INFORMATION TECHNOLOGY | Staff Reporter, Singapore

What lessons can Singapore learn from the Dutch to improve the transport system?

TIBCO shares insights on how Holland embraces data to optimise train services and maintenance scheduling.

Harnessing the potential of big data to lower the incidence of breakdown and address overcrowding during peak periods has been proven effective in Holland. Will it work in Singapore too?

In the face of increasing demand for better transport service, the government has broadly shown itself to be tech-savvy, and open to the solutions to multiple issues offered by big data. One of the solutions the government can tap on is the the use of predictive maintenance with the help of data analytics. Singapore Business Review caught up with Erich Gerber, TIBCO Software’s general manager for Asia Pacific and Japan, to talk about this possibility as they look into how the Dutch Railway system leverage on big data to improve its service.

Gerber also discussed how TIBCO can help the government and private enterprises become digitally smarter.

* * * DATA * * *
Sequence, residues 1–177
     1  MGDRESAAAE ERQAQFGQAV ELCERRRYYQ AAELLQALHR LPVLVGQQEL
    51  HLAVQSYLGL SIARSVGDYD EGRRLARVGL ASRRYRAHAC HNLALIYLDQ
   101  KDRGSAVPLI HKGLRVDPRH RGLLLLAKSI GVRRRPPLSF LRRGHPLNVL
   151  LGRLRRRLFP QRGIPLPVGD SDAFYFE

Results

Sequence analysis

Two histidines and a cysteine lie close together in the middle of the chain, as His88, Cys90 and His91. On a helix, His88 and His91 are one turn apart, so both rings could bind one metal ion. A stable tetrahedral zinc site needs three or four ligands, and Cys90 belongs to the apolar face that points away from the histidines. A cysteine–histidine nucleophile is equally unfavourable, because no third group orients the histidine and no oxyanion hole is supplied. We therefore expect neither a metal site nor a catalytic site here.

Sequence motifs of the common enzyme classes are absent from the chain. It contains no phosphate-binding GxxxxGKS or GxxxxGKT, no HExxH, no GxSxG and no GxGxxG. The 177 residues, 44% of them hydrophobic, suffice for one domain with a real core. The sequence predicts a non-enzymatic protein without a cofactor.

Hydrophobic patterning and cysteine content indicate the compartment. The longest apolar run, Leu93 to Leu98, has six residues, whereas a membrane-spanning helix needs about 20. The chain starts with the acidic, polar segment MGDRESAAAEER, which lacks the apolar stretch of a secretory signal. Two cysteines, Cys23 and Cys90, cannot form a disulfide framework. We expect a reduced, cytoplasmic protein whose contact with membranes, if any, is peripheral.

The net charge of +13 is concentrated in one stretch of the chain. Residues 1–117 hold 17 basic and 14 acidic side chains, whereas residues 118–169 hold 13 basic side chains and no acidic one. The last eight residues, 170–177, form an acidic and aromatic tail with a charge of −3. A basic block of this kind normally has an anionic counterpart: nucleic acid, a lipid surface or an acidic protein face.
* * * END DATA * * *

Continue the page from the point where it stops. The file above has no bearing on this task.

SBR: How can the government leverage on big data to create a great citizen experience, e.g transport

One of the solutions is by using predictive maintenance with the help of data analytics. Predictive maintenance can be scheduled to minimise vehicle breakdowns, the great bugbear of commuters. Data feeds on the areas and timings of regular traffic congestion can allow for the planning of more efficient bus routes as well as managing peak-period congestion at bus stops with more frequent services for popular routes.

An example embracing data in the transport sector is Holland. Dutch Railways is the principal passenger railway operator in the Netherlands, providing rail services on the Dutch main-rail network and international services to other European destinations. Running these vast networks gives Dutch Railways access to huge amounts of data, collected through intelligent train technology, ticketing systems, travel information real-time monitoring and services for maintenance and control unit staff.

Until now, train suppliers delivered all this IT, so each type of train had its own IT environment – making it difficult to work together and maintain each system. Dutch Railways had a vision to integrate all these information to deliver more reliable and better serves to customers. Using streaming analytics, in-memory computing, integration and messaging software, Dutch Railways is now able to provide real-time information about train services and maintenance scheduling. Commuters are also able to use a travel planner application to ensure a seamless and prompt commute.